The spring is an exciting, transformative, and expansive time. The plants and the earth are waking-up. And, since our bodies are a little microcosm of this larger macrocosm, a little spring awakening is happening within us too! Can you feel it?
Traditional Chinese Medicine (TCM), and especially 2,000 year old Chinese 5-Element Theory, provides us with a beautiful framework for understanding the spring and its energetics. Following some simple ancient wisdom described below, we can attune ourselves with natural influences of this season and more easily tap into the rich gifts it has to offer.
This is the concept of harmonizing with the seasons.
To more easily begin to harmonize with this magical season, a little background and context will be helpful.....
Spring, the Wood Element, and the Liver-Gallbladder
In Chinese Medicine each season corresponds with an Element and an Organ System. The spring is associated with the Wood Element and the Chinese Liver-Gallbladder organ system (different from our western anatomical liver and gallbladder) and meridians. Understanding this organ/element pair and its associations is a great place to start since harmonizing with the spring means balancing this element within us, i.e. being sure its not in a state deficiency or excess.
Keywords and phrases for the Liver-Gallbladder/Wood Element/Spring in balance:
Upwards moving energy, yang, growth, expansiveness, clear vision and purpose, decisiveness and decision-making, ambition, hopefulness, starting new projects, productivity
Sounds just about right, doesn’t it?
In the spring it’s easy to see these actions and influences happening in nature all around us (and also feel them within ourselves!) with buds opening, sap running, plants bursting forth from the ground, melting rivers of snow, new growth and renewal of life. There’s no indecisiveness there- the plants are going to grow!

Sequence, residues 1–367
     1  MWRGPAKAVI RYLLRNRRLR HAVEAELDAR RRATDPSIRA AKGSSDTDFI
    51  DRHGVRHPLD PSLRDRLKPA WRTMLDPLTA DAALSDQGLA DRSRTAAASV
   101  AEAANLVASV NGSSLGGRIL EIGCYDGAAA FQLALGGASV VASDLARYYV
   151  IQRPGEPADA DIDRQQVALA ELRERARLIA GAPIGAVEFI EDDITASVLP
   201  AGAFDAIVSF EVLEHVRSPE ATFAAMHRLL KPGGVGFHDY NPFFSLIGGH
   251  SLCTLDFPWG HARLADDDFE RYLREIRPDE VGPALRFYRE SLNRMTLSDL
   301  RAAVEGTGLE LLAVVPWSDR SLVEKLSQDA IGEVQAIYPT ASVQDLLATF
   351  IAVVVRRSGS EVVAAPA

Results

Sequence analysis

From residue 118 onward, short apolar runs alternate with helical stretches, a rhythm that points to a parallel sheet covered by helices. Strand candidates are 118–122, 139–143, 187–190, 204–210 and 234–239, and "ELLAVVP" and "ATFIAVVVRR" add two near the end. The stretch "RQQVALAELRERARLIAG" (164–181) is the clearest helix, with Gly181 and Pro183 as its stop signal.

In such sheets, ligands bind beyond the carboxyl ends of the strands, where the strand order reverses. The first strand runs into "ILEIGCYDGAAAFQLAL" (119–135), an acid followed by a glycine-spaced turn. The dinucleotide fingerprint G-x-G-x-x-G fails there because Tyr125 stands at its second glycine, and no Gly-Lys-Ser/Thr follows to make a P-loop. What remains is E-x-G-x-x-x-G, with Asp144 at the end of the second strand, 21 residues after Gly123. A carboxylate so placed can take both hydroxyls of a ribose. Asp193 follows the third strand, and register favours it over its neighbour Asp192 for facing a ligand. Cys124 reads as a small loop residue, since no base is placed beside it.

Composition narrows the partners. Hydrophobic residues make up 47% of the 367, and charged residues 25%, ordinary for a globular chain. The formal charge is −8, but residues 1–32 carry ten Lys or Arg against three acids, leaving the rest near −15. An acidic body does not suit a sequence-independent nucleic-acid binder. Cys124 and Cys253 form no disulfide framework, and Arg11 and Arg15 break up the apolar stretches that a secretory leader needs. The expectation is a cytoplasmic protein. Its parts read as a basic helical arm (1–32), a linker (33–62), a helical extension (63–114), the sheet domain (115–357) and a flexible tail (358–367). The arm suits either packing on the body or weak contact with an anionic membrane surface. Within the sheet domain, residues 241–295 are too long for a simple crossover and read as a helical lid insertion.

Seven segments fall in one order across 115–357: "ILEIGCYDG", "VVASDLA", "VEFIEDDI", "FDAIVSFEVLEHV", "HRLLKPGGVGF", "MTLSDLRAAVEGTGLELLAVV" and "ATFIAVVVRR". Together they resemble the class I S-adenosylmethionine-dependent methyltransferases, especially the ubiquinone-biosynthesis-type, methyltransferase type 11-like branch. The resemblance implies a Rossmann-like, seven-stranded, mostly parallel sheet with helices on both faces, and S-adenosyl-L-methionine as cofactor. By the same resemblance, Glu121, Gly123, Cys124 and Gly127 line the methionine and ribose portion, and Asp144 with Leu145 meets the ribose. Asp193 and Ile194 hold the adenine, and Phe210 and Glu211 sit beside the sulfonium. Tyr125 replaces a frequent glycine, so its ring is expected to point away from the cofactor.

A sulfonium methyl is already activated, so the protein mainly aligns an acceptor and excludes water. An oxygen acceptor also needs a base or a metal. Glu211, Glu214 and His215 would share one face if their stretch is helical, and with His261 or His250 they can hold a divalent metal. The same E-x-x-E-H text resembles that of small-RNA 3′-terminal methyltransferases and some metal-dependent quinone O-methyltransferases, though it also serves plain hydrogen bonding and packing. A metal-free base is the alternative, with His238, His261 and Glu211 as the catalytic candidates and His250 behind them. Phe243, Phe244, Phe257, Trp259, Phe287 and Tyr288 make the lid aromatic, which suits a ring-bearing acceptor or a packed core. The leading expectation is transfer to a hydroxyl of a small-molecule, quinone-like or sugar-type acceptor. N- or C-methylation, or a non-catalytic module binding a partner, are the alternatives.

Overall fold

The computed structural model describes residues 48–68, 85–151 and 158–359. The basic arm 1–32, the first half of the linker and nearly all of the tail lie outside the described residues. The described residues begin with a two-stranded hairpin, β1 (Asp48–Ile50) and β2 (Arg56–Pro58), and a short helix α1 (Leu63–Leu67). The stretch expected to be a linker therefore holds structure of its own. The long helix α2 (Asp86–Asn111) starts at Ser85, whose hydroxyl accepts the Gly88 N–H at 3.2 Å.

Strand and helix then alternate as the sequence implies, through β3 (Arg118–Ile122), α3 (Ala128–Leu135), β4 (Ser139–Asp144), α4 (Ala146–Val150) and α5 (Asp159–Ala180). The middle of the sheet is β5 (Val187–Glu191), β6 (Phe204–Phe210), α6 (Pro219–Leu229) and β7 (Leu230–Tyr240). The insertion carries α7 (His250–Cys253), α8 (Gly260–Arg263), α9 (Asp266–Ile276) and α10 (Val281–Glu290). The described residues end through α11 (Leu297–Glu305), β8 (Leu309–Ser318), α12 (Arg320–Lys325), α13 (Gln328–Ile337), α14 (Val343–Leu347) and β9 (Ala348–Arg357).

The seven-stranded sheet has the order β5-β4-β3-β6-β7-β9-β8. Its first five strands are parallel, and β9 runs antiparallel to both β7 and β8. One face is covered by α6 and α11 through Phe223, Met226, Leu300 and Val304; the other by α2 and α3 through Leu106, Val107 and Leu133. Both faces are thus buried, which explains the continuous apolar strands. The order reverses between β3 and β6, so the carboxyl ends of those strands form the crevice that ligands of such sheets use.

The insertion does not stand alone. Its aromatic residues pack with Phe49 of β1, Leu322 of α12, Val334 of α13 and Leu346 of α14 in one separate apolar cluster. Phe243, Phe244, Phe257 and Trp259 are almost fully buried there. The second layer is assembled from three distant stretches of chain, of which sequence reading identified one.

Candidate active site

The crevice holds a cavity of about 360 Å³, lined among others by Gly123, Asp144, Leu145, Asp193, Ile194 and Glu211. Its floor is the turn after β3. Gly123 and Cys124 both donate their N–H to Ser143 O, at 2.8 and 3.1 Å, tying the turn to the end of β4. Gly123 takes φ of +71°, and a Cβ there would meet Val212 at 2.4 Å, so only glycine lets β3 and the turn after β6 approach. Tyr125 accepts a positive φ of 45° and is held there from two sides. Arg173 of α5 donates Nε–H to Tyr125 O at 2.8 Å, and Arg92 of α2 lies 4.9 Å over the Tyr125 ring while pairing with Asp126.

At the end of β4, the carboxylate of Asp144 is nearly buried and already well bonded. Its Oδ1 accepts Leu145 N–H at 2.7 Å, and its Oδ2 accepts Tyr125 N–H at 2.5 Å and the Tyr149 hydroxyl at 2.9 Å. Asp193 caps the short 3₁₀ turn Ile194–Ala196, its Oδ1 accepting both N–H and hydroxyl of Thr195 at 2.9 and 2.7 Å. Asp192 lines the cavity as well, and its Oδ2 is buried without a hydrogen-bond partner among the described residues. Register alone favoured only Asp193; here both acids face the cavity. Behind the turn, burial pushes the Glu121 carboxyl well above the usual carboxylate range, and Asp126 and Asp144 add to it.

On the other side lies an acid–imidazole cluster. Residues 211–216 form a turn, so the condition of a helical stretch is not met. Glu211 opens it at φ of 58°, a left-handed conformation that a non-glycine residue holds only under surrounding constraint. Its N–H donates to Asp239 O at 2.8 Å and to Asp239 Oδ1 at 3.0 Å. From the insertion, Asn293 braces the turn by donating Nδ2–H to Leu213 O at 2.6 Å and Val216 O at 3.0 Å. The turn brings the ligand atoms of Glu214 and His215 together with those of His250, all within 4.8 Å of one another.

Using appropriate foods, herbs and daily practices, is the best way to bring ourselves into alignment with these energetics of this season happening all around us. When we do so, we’ll see these qualities reflected in a balanced way within ourselves, on both a physical and mental/emotional level. The Wood Element in balance is a beautiful and powerful thing! It embodies those characteristics described above.
The Wood Element out of balance, however, in Excess, can look like a quick temper, easily frustrated, lack of emotional and mental flexibility, depression, excess heat and inflammation in the system, tight neck and shoulders, and bodily tension in general. In TCM the formula Xiao Yao San (also called Relaxed Wanderer or Free & Easy Wandered) is the classic and super effective treatment for this pattern.
The Wood Element out of balance, in a Deficiency, can look like indecisiveness, lack of flexibility, stiffness, dryness in the joints (osteoarthritis), lack of motivation, irritability, and loss of good judgement.
Whether you feel you you have one of these patterns reflected in you or not, working with balancing your Wood Element in the spring will help you cultivate within yourself the attributes of the Wood Element in balance described above- motivation, productivity, clear vision, decisiveness, and hopefulness. These are the true qualities and nature of the spring. But if you do feel this element could use some particular balancing, here's a great thing to know- the spring the time that holds the highest potential for healing within the Wood Element. To me that's a really profound concept to reflect on. We can harness the natural influences of this season to catalyze deep healing within ourselves.